LIVE REVIEW: Keep Shelly In Athens


If I did a one-word review of this show, that would be the word.

The first order of disorientation was procuring my ticket for the show. It was under another name, but nowhere to be found on the list. It was on the will call list, but in order to prove this I had to show an image of the ticket. I do not have a smart phone, so, the ticket in another name had to be emailed to my friend’s phone and then shown to the list lady at her podium, along with my ID, which had nothing to do with the name on the ticket.

That was the first five minutes.

The lineup for the night was supposed to be thus:


-Chad Valley

-Keep Shelly in Athens

So imagine my disorientation when the venue switched the order around and the last two bands refrained from introducing themselves, at least audibly. I knew the first band was Teletextile. They said so. However, their music was disorienting in the sense that it seemed out of place with the venue and headlining band. I can’t say Teletextile was a bad band, because that wouldn’t be fair. They all clearly knew what they were doing; they’re good musicians, write songs that are instrumentally textural, and put a lot of integrity into their performance… but I didn’t like them. Lead vocalist and harp-strummer Pamela Martinez was just a little too peppy for my liking. The songs were solid but there was something about her gleeful stage presence that made me skeptical of their depth. But maybe I’m just grumpy.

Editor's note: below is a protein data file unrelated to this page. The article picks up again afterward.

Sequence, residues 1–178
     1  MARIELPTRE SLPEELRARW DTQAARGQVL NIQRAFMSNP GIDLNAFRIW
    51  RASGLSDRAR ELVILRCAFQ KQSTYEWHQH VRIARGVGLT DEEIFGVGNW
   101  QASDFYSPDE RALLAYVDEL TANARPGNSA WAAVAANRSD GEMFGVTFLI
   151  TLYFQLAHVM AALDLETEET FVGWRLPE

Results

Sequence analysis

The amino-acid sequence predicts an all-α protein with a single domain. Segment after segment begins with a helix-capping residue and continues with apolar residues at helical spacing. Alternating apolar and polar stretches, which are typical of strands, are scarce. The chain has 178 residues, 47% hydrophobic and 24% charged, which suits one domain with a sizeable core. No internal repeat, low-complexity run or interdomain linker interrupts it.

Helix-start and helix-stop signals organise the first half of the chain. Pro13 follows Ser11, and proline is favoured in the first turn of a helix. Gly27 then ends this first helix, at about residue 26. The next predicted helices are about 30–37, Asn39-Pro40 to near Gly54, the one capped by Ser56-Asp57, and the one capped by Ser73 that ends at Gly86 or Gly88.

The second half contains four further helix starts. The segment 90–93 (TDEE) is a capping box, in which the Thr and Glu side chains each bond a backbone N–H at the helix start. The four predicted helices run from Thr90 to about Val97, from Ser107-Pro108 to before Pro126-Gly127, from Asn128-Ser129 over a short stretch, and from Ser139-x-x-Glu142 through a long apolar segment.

Next up was supposed to be Chad Valley according to the lineup. Yet out walked a band fronted by a tiny girl, who was wearing the same windbreaker donned by the lead singer of the opening band.

Oh, this must be Chad Valley.

The band immediately dived into a song I’ve heard before.

But, I’ve never heard Chad Valley before.

This song sounded strangely like one I heard at the AudioFemme office, but that song was by Keep Shelly in Athens.

I guessed both bands sound a lot alike.

Well, this Chad Valley band was damn incredible.

They sounded like Portishead meets My Bloody Valentine and The Stone Roses with a lick of Siouxsie Sioux, and dare I say, some early Moby.

You may have guessed this already, but this band was not in fact Chad Valley.

In fact, I did not care for Chad Valley. Ms. Martinez of Teletextile joined the set and it just wasn’t my cup. The only phrase that came to mind was Gleewave.